If the MG’s straight-line performance wasn’t quite up to that of the competition, build quality was at least equal, and handling and comfort were superior. The MG was also less expensive. The initial reception to the MGA was positive and a tidy coupe was added a year later. With the more aerodynamic shape, for the first time a production MGA topped 100 mph.
Like the T-Series MGs before it, the MGA was rallied and raced from the start, winning the team prizes at Sebring in 1956 and 1957. But it was too heavy and underpowered against increasingly fierce competition from specialist sports cars. MG sought to change that with the twin overhead camshaft MGA Twin Cam of 1958. Unfortunately, the Twin Cam was still too heavy and was afflicted with an engine that was very sensitive to timing and over-revving. As a result, it acquired a poor reputation for reliability. Just 2,111 were built before it became just a memory in mid-1960.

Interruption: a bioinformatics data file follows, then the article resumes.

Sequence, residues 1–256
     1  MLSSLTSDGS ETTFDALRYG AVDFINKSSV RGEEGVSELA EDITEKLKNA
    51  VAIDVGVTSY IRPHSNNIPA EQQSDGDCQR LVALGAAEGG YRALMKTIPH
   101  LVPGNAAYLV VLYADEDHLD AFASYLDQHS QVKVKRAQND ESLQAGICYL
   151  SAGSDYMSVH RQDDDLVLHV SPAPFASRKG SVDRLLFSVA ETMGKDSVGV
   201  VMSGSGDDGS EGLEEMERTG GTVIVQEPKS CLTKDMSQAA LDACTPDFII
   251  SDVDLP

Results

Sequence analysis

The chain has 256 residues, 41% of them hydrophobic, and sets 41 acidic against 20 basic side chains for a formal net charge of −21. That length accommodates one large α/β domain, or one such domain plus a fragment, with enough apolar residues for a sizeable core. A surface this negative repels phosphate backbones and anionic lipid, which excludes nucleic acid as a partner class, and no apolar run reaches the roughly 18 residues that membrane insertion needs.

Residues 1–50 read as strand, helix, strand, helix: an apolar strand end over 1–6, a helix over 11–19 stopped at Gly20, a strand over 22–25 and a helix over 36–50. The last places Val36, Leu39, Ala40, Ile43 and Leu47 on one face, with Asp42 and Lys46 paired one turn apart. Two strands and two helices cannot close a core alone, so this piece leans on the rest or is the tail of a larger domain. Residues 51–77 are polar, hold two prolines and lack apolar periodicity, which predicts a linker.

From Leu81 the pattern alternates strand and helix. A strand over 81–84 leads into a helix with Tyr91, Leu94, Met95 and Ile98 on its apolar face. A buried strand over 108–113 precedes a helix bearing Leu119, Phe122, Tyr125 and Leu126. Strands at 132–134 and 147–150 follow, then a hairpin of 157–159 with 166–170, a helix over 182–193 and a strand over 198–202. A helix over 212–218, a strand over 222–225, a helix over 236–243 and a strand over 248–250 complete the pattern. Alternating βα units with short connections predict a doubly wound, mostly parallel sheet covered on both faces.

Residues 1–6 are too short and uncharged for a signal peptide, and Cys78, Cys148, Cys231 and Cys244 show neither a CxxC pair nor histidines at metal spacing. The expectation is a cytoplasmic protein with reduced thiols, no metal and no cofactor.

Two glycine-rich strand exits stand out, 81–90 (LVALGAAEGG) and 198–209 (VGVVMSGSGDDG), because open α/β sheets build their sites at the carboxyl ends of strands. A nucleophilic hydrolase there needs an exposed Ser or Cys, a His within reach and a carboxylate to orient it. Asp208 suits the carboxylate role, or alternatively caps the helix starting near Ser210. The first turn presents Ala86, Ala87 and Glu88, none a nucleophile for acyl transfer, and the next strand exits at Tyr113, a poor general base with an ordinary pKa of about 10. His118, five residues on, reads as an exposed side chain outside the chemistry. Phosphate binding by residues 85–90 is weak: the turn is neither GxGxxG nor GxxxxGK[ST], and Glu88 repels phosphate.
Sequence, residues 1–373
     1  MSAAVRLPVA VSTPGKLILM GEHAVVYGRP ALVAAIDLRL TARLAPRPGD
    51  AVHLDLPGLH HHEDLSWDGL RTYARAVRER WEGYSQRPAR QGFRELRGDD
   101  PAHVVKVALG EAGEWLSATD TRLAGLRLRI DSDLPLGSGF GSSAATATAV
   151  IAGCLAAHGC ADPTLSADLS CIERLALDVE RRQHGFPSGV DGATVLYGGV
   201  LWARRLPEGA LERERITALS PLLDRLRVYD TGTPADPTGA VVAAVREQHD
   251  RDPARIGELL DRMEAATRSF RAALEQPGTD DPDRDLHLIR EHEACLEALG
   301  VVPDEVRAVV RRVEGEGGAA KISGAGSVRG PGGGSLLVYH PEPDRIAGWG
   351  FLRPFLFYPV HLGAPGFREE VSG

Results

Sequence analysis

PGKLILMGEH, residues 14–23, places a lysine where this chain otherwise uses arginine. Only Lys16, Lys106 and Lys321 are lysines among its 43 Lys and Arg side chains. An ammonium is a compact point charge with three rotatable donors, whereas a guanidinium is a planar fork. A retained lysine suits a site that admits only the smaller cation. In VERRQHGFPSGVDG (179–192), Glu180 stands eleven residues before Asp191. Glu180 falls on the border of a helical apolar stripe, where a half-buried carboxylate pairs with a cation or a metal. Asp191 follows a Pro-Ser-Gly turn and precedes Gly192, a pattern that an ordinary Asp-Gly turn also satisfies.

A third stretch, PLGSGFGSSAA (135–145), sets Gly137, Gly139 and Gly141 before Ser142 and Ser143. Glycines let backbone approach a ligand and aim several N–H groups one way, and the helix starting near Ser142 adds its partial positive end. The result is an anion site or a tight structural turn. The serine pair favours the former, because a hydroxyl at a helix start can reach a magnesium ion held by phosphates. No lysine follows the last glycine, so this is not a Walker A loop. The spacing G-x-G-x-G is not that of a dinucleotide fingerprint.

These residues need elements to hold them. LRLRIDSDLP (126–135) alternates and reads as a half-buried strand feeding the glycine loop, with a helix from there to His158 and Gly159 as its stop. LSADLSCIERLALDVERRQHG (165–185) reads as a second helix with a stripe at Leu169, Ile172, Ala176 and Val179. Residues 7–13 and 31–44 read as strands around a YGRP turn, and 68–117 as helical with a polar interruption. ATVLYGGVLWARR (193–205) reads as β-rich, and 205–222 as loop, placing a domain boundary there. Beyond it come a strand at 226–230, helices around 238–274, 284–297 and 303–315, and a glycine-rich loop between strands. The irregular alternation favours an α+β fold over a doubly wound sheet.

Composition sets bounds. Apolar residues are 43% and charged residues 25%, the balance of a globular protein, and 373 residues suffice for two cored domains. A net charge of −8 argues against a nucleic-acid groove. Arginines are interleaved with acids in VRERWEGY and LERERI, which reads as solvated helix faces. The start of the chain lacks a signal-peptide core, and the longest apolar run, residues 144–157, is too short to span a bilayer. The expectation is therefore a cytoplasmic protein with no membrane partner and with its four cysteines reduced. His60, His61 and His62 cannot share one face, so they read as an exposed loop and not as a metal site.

Unlike the Twin Cam, the pushrod MG was a resounding success and in 1959 the displacement was increased to 1,588cc and horsepower jumped to 80 bhp. Revised parking and taillights visibly distinguished the new MGA 1600. The final changes to the MGA came with the 1600 Mk II of 1961, which used a 1,622cc engine rated at 93 bhp, and had an inset grille and revised rear lighting.
With its 1950s styling, sturdy components and performance that allow it to keep up with modern traffic, the MGA has proven incredibly popular over the long haul and has a dedicated following today.
Abingdon revives the Midget